BSA upholds fuel storage in Western Union Building

Tribeca building’s 65 fuel tanks store more than 100,000 gallons. In 2002, the Department of Buildings issued violations to Hudson Telegraph Associates after inspectors found fifteen 275-gallon fuel storage tanks on six floors of the Western Union Building, an individual and interior City landmark located at 60 Hudson Street in Tribeca, Manhattan. The code only permits one 275-gallon tank on each story above the first floor. The 24-story, 1.2 million-square-foot Art Deco building houses telecommunications switchboards that serve a large portion of the northeast and require fuel reserves in case of power outages. Overall, the building contained 65 tanks with a 101,521- gallon capacity, less than permitted as-of-right. About 6,875 gallons of diesel fuel were maintained above the first floor.

legalize the tanks’ location, explaining that the floors required multiple tanks since several different telecommunication tenants needed storage tanks, and lease limitations provided no alternative locations. After a two-year review, Buildings issued a variance legalizing the tanks based on the practical difficulties of complying with the code. The variance, granted after consultation with the FDNY, fire safety consultants, and elected officials, stipulated that Hudson employ 25 specific safety measures crafted to address the need to manually refill and transport the fuel and to also deal with storage, delivery and potential spills.

A coalition of local residents called the Neighbors Against Noxious Odors, Incessant Sounds and Emissions applied to BSA to overturn the variance, arguing that Buildings acted arbitrarily by considering only the affected floors instead of the total amount of fuel stored at 60 Hudson Street. Represented by Norman Siegel, Neighbors claimed that Hudson did not suffer practical difficulties and failed to obtain Landmarks’ approval for the tanks. Neighbors also argued that the total amount of fuel at 60 Hudson qualified the site as an illegal Bulk Oil Fuel Plant, which, under the code, was prohibited within 1,000 feet of a school or subway or within 250 feet of a public park or residential zone. They claimed that the building was inherently dangerous due to its proximity to three subway lines, Buckle My Shoe nursery, Duane Park, and many residential buildings. Finally, Neighbors argued that Buildings failed to consider the building’s ability to withstand sabotage or terrorist attacks.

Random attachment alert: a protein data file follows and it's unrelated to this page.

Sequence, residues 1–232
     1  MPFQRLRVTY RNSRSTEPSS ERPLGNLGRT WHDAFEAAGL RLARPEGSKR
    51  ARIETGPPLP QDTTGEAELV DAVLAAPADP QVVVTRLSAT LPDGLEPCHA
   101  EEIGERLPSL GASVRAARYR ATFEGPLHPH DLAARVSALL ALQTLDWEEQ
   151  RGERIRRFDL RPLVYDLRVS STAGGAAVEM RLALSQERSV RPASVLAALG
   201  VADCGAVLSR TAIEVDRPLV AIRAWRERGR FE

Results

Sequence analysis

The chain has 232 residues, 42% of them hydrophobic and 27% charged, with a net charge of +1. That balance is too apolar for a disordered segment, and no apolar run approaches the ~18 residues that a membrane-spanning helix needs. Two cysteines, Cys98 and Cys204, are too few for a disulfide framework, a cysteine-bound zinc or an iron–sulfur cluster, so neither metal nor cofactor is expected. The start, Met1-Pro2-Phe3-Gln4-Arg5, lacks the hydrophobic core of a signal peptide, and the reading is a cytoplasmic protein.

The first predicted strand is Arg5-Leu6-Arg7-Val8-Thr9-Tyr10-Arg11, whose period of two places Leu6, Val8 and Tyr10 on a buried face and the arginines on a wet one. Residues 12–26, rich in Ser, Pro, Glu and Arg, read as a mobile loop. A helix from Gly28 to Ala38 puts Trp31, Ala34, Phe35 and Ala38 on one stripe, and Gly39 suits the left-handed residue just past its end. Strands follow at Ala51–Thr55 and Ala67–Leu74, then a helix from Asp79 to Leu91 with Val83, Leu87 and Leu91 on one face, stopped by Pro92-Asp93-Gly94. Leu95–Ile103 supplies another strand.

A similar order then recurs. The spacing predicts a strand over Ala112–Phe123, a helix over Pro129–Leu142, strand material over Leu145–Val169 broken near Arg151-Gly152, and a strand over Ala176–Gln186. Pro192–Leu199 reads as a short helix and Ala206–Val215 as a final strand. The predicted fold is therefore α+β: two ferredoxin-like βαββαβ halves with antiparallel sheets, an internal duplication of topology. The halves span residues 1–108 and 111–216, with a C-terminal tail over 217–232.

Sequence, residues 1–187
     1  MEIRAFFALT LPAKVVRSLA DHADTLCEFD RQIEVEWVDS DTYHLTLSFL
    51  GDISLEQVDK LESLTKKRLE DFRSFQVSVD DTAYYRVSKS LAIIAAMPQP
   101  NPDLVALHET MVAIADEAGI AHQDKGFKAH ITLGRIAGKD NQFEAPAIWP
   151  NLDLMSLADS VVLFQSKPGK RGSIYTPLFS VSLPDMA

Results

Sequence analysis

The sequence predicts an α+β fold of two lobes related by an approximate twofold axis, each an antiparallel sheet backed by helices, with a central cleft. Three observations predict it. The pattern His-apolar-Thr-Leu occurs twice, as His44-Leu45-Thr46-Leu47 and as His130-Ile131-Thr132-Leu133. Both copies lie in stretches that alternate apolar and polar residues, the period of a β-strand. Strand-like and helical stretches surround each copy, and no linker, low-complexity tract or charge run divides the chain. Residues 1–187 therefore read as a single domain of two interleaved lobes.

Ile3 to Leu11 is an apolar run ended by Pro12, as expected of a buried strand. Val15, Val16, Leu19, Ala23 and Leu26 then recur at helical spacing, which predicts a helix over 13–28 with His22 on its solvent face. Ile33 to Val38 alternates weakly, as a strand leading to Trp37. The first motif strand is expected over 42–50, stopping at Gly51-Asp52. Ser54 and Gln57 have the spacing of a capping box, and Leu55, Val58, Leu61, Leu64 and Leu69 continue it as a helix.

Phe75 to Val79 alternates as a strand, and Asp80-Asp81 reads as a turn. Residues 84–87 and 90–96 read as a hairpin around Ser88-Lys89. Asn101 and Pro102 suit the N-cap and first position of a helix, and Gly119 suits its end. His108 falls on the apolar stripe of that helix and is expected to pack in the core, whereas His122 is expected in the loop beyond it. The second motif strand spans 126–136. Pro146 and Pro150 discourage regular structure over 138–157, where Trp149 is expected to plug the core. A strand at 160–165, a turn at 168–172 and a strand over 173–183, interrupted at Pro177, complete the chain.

Community Board 1 supported the appeal, testifying that, since the tanks were visible from inside and outside, it required Landmarks’ approval.

At the first of four BSA hearings, Buildings’ General Counsel Phyllis Arnold defended Buildings’ decision, arguing that the cumulative amount of fuel permitted in the building was as-of-right under the code and that the variance merely allowed more fuel on certain floors and less on others. Arnold further argued that the building’s concrete structure, large, 50,000-square-foot floor plates and the required safety measures minimized the hazardous condition.

Fire expert Glen Corbett, who testified in favor of Neighbors, argued that the variance created a dangerous condition. Buildings granted it under an antiquated code, which it was in the process of revising. Corbett explained that the new code would prohibit Hudson’s exception, making the variance hazardous to the neighborhood, and no amount of safety measures would eliminate the potential for human error during manual refill.

Hudson responded that nonmanual refill was not viable and potentially less safe. Hudson also submitted materials showing Landmarks’ approval.

BSA held three additional hearings on June 7, September 15 and October 17. After analyzing the building’s infrastructure, the combustible temperature of diesel fuel, and the methods used to fill the tanks, BSA upheld Buildings’ decision, but required two additional conditions: a cooling system for the fuel rooms and a tank-fill limit of 80 percent.

BSA found Buildings’ review of Hudson’s variance to be cautious, judicious, and adequately counseled by outside parties and that Hudson had obtained sufficient approval from Landmarks. The building was not a Bulk Oil Fuel Plant, Hudson suffered practical difficulties, and Buildings was not required to explicitly consider the dangers of deliberate sabotage, according to the BSA decision. Finally, BSA noted that it had no authority to rule upon code revisions that were not yet in effect, especially since there was no evidence that the new code would prohibit the variance.

BSA: 60 Hudson Street (174-05-A) (Oct. 17, 2006) (Norman Siegel, for N.O.I.S.E.; Phyllis Arnold, for DOB). CITYADMIN

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